Systems encourage continuous improvement, if performed consistently. Form a solid system, find the process that works for you, and stick with it. They provide foundation and can be the motivator for when things get tough.

Systems, continuous actions, will get you to the end goal much quicker than if you were just looking at the scoreboard, or hoping for that exam result.

Focus on Identity, not Outcomes. 🙋🏻‍♂️

When trying to form a solid habit, many of us go about it in the entirely wrong way! We’re more inclined to focus first on the outcome, and then work our way back to identity.

For example, we start with the outcome, say to eat healthier, and work back to the identity, which is to become a healthy person.

The issue with this approach is that, if the habit does not start out as your identity, it becomes incredibly hard to follow. If you do not see yourself as a healthy person, it is harder to make those healthy choices.

If, however, you initially made the habit your identity, and worked towards the outcome, things would flow much more naturally.

If you start with the identity, which is to be a healthy person, you would eat a little healthier, which is the outcome. You know that healthy people make healthy choices, and so you are likely to do so too, with less friction involved. You might even say to yourself, ‘as a healthy person, I’m going to have a helping of fruit with my breakfast’.

Starting with the identity ensures that the habit comes from who you are, and that is an immense form of intrinsic motivation. If the habit starts with you, and your desired identity, its much easier to first perform it but to also stick with it. It makes the habit a little more real, and so, easier to attain.

Rather than working towards the final outcome, work towards altering the initial identity, ensuring that it is in line with the outcome.

For example;

  • The goal is not to run a marathon, the goal is to become a runner.
  • The goal is not to write a bestselling book, the goal is to become a writer.

Habits are about becoming someone, not just doing a bunch of mindless actions. Tailor your habits to who you want to be as a person, always have that in mind, not the end result.

Good Habits and Bad Habits ✅ ❌

Here’s one question that can help determine whether a habit is good or bad for you,

Does this action help me become the person I want to be, or does it go against the desired identity?

If you find yourself taking action and completing habits that go against the identity that you desire, it’s likely to be a bad habit. If it causes conflict with who you want to be, it’s definitely something you need to look into, potentially even curb.

Good habits, on the other hand, make it easier for you to become who you want to be. They push you forward, propelling you to make the choices of the desired identity.

For example, say you want to become a runner. The goal is to run a marathon, but, of course, we focus on the identity, which is to become a runner. Think, what type of things does a runner do to ensure their success?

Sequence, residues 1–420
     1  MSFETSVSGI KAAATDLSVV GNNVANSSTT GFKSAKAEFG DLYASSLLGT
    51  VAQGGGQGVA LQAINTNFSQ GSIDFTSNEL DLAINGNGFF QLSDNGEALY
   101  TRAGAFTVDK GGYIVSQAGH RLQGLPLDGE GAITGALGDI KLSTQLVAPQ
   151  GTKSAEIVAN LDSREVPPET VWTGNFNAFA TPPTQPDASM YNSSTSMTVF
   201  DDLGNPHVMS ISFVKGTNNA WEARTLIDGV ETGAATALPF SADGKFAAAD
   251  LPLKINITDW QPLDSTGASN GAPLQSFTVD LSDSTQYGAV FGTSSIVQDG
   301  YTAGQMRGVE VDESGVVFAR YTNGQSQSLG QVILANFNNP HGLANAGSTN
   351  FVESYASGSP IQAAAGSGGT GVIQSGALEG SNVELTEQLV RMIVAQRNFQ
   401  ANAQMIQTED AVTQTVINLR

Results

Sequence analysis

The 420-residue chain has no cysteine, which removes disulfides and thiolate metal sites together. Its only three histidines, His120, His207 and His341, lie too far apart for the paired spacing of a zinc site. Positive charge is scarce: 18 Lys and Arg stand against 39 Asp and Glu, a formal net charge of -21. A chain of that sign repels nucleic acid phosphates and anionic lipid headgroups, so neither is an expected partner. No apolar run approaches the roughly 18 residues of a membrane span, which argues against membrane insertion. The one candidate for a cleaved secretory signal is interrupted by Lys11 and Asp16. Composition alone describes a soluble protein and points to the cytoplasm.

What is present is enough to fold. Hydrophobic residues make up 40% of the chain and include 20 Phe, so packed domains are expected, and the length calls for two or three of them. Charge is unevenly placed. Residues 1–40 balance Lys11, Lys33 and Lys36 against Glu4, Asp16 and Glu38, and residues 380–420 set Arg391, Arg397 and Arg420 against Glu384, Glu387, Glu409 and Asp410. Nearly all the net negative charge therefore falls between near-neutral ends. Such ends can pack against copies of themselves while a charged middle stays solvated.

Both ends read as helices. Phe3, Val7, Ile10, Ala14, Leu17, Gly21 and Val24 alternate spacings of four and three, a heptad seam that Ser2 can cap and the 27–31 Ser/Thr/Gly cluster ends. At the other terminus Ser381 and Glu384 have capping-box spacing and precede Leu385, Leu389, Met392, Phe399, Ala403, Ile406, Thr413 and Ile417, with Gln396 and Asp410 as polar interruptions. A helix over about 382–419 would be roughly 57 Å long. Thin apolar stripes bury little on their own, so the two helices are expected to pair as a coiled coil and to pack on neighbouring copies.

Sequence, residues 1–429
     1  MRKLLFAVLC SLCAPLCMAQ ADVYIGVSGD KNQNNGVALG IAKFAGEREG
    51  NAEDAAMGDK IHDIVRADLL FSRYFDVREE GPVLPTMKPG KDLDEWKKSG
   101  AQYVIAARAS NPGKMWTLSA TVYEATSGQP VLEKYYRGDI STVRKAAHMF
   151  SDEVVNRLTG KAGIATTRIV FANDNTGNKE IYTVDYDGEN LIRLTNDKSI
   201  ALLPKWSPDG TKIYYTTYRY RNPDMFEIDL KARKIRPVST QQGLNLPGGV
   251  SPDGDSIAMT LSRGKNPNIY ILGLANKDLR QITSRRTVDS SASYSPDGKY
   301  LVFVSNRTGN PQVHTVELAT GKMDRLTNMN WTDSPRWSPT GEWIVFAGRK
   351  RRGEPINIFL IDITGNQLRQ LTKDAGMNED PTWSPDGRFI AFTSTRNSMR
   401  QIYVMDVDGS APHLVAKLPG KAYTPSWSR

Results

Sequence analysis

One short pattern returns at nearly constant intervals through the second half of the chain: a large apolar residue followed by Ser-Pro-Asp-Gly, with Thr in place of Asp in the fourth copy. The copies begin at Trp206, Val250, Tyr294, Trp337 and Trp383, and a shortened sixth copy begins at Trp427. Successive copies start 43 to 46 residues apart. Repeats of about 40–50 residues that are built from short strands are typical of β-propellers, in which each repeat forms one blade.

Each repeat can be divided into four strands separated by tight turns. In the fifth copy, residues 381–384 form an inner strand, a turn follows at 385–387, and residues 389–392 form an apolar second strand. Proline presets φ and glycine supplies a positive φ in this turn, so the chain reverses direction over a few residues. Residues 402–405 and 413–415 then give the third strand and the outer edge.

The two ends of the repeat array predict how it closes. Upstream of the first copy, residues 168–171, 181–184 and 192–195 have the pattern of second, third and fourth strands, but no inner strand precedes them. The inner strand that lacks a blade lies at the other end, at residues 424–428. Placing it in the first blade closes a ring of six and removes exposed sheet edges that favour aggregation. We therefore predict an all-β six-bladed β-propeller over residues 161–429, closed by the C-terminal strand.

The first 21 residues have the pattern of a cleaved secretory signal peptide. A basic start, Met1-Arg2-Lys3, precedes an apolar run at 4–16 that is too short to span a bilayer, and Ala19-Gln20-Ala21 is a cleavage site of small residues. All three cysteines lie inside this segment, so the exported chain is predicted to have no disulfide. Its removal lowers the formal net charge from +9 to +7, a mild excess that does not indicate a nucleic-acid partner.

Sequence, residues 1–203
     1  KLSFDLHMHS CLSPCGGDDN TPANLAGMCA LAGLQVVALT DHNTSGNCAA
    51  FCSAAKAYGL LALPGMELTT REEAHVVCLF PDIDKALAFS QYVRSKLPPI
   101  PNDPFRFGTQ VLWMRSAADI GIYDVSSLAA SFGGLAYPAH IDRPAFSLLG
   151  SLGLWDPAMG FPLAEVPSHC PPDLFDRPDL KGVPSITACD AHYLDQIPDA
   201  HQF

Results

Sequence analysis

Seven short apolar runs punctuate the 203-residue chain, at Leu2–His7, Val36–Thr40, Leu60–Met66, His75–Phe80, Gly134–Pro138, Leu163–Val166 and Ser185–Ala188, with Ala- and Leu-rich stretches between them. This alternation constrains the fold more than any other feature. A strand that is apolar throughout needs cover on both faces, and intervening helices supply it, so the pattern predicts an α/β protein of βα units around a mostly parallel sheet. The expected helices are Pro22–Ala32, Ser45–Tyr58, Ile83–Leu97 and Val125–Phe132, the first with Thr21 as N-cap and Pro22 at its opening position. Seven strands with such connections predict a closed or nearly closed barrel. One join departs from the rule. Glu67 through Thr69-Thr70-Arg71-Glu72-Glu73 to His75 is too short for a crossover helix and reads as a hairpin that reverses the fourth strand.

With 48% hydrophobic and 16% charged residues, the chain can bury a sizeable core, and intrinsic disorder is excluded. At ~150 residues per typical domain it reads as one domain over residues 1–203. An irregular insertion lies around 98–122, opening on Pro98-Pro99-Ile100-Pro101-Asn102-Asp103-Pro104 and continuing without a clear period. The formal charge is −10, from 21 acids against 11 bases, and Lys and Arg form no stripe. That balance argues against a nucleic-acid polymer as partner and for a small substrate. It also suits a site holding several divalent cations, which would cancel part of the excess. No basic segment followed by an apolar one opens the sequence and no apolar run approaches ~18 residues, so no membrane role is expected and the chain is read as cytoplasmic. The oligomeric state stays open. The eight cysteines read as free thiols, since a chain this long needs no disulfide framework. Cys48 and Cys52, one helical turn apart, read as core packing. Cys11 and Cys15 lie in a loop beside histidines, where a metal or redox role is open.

Someone who is a runner is extremely likely to leave their running shoes out in an obvious place, so that when they wake up the next morning, the shoes are out and ready. This falls into one of the earlier points; make it obvious. The runner knows that if the running shoes are in an obvious place, there’s less friction, and so they are more inclined to run.

For a runner, leaving out the running shoes is a good habit, as it coincides with their identity, and goal, as a runner!

The struggle with identifying good and bad habits is that, many bad habits are disguised as good habits. Many bad habits, immediately after we perform them, illicit some sort of joyous feeling. A little hit of dopamine, perhaps. Yet, after a while, the ultimate outcome feels bad, it turns into a long term unhappiness. The feeling of instant joy makes us perform it again and again, but in the long run, it’s actually doing more harm than good.

Frédéric Bastiat explained this problem perfectly,

“It almost always happens that when the immediate consequence is favourable, the later consequences are disastrous, and vice versa… Often, the sweeter the first fruit of a habit, the more bitter are its later fruits.”

If something feels good, but the end result actually turns out to be bad, try curb that habit as soon as possible. Temporary joy is not worth long term pain.

Mastering a Habit ⭐️

If you have found a particular action that coincides with your desired identity, and it seems achievable, following the 4 steps in forming strong habits, one key step follows; consistency.

To ensure that something first becomes a habit, and to then master it, you need to be consistent. You need to start out with repetition, and stick with repetition, continuously refining it along the way.

Forgo any need to start with perfection, or even to end with perfection. As much as the habit has to be attractive, it doesn’t have to be perfect; lay off on the aesthetics.

To make it stick, you have to practice, deliberately. Get the reps in, day in and day out.

You must stay consistent through both the good and the bad times, particularly on the days where the last thing you want to do is perform that habit. On the bad days is when it matters most! What you do on your ‘bad’ days can tell someone everything; do you stick with your habits or let them fall?

What is crucial is that you form habits that can help you on those bad days, habits that provide a foundation. If you have solid systems and habits in place, stick with them even on the bad days, and your stronger self will emerge.

Asides from consistency, there is another key element that encourages mastery; ensure that the habit provokes a feeling of joy, of success.

If, after performing a habit, you feel extremely proud of yourself, and you start to smile, that’s a good habit. That’s a habit that you should encourage! The habit provides you with an instant feeling of success, and a long term feeling of happiness. It’s the little wins, truly.

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Sam M

Sam M

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happiness in all areas of life. student 👨🏻‍🎓. 2 weekly newsletters, daily stoic meditations + occasional articles and book summaries.